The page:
CABI is helping to engender a more productive and profitable cotton industry for Pakistan through the training of more than 57,000 farmers and farm workers – including these women picture above – as part of the Better Cotton Initiative.
The Pak Mission Society teamed up with CABI in the Tehsil Khipro, District Sanghar of Sindh province, to provide a training workshop to scores of women who are now better equipped to implement improved practices for cotton picking, handling and storage.
CABI’s publishing business has been busy strengthening partnerships in China by showcasing the benefits of its range of print and online products and services to Chinese clients and partners, and exploring opportunities of further collaboration with the Chinese Academy of Agricultural Sciences (CAAS) in Beijing.
Dr Andy Robinson, CABI’s Managing Director, Publishing, led a delegation from CABI who outlined the organisation’s new publishing strategies and development plans – including the forthcoming launch of the new CABI Agricultural and Bioscience open access journal – to members of the Agricultural Information Institute (AII) and Institute of Plant Protection (IPP) of CAAS as well as library staff from the China Agricultural University and China Farmer University.
CABI in Pakistan is helping the Pakistan Museum of Natural History (PMNH) showcase the scourge of the noxious parthenium weed, otherwise known locally at ‘Gajar Booti’, to members of the public visiting its Bio Gallery exhibit.
Parthenium is regarded as one of the major threats to native species, environment and ecosystems in more than 48 countries around the world – including Pakistan where it is also considered as a risk to human health, biodiversity, agriculture, livestock, and food security.
In this guest blog, Dr Haseeb Md. Irfanullah discusses the findings of a recent workshop he was a rapporteur of in Bangladesh on the potential impact on policy and practice of agricultural research in the country.
A research system is basically made up of four components: accessing, conducting, communicating, and utilizing research. While we often talk about the first three, use of our research in policy and practice is less frequently discussed in developing countries. Discussions at a recent workshop in Bangladesh about recent agricultural and biological science research projects revealed opportunities to make connections between research and its usage.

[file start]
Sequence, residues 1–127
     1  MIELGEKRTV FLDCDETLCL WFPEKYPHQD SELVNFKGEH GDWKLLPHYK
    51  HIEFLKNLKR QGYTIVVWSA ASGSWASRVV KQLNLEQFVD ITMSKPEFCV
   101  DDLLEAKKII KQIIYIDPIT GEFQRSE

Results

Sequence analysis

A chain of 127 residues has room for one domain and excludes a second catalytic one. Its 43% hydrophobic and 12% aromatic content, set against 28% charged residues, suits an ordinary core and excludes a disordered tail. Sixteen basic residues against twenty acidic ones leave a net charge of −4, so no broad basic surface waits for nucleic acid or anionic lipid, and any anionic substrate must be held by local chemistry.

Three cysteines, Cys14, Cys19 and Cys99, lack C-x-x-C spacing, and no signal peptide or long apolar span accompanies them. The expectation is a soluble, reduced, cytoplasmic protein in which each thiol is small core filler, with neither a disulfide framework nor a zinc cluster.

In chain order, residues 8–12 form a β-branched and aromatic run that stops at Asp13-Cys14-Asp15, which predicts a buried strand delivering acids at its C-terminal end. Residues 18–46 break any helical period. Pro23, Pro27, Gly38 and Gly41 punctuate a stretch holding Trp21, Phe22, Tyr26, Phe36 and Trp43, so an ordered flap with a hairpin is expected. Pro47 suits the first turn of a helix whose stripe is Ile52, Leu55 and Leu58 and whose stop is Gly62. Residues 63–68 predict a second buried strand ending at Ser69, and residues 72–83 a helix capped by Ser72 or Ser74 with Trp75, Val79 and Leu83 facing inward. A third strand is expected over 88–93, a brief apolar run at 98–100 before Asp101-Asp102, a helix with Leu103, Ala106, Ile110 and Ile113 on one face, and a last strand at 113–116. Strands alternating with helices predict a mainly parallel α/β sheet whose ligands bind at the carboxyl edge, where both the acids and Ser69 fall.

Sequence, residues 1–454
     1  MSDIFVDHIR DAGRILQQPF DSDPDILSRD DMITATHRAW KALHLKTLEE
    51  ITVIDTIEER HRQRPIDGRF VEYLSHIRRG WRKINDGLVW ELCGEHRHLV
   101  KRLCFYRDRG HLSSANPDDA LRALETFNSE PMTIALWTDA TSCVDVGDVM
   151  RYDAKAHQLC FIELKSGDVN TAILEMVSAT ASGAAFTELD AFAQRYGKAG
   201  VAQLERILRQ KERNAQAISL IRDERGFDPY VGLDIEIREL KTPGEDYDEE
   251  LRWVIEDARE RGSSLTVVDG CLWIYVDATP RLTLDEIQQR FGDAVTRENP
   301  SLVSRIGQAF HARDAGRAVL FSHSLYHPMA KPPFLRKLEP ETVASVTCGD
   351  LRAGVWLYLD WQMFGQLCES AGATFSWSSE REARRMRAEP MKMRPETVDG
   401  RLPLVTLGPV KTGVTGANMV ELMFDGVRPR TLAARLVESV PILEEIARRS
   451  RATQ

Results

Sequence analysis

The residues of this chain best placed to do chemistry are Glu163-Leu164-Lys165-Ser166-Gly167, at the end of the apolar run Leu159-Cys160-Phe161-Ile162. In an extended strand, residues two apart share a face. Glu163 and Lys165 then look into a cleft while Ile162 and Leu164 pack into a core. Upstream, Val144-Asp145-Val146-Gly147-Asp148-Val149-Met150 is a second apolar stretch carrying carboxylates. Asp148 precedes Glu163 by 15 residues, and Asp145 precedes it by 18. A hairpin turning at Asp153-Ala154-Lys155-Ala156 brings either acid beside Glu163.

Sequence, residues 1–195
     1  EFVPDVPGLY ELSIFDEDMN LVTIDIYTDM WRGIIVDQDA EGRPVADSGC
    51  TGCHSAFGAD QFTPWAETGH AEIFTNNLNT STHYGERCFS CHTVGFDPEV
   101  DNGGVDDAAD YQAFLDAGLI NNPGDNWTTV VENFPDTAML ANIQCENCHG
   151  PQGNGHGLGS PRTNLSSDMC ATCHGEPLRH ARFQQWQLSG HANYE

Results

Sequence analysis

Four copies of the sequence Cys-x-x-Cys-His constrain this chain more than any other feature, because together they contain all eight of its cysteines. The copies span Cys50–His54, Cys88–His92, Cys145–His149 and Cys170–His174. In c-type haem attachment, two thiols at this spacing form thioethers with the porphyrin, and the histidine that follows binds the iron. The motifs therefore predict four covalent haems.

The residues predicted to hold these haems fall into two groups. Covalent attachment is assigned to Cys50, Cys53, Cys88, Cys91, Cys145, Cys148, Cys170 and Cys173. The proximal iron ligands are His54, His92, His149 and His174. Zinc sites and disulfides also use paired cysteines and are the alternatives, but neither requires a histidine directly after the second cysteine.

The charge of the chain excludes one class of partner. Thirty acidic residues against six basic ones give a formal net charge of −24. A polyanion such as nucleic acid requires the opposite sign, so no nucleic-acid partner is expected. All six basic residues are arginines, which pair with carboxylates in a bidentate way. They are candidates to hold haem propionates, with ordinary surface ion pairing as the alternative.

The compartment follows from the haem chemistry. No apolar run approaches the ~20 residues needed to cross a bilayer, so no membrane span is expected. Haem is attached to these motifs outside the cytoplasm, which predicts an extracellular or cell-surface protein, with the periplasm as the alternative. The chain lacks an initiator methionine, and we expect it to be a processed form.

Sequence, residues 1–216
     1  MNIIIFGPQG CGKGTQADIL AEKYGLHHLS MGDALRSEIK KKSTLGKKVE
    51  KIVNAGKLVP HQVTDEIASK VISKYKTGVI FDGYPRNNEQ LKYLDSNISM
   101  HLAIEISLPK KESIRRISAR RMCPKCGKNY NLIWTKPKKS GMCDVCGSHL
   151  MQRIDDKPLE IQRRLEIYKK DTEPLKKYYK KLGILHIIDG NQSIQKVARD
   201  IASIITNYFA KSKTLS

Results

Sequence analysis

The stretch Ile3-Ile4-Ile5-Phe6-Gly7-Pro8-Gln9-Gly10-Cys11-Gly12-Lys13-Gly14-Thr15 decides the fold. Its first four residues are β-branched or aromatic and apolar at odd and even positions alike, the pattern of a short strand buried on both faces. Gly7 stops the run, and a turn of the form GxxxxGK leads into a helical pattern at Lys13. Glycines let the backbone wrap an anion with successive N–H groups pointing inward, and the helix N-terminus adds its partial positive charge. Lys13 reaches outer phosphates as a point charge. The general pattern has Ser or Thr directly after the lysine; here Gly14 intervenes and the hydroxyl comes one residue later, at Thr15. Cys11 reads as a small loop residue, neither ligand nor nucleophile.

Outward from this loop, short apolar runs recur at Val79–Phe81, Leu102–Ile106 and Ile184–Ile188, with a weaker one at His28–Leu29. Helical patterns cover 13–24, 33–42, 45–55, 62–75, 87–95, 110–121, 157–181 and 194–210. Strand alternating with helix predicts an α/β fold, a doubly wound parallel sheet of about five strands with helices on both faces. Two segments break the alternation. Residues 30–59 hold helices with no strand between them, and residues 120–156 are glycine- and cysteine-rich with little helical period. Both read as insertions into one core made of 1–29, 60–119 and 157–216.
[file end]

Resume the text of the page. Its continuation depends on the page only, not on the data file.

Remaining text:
CABI has recently shared its expertise in a new parthenium evidence note which highlights a list of recommendations to fight the highly-invasive weed can cause severe allergic reactions in humans and livestock, may harbour malaria-carrying mosquitoes, displace native plant species and reduce pasture carrying capacities by as much as 80% to 90%.
In this picture special, we commissioned photographer Asim Hafeez to capture CABI scientists in the field as part of research which is investigating whether or not the parthenium leaf beetle (Zygogramma bicolorata) can act as an effective biological control for parthenium which is threatening food security and livelihoods in Pakistan.
An entomologist from CABI’s Phytosanitary Risk Management (PRMP) team has participated in the International Conference on Environmental Toxicology and Health (ESCON 2019) held in Islamabad, Pakistan.
Muzammil Farooq, representing the PRMP team, participated in the event – organized by the Department of Environmental Sciences, COMSATS University (CUI), Vehari campus – by giving a presentation entitled ‘Environment Conservation and Next Generation Pest Management Model for Cydia pomenella(Lepidoptera: Tortricidae) – Pakistan (Balochistan province) Perspectives.’
In this photo special, we present a range of images taken at the Hoolungooree Tea Estate in Assam, India, which charts the process of the harvest including, when and where necessary, the need to apply pest control methods before the tea leaves are ready to go from field to cup for consumers around the world to enjoy.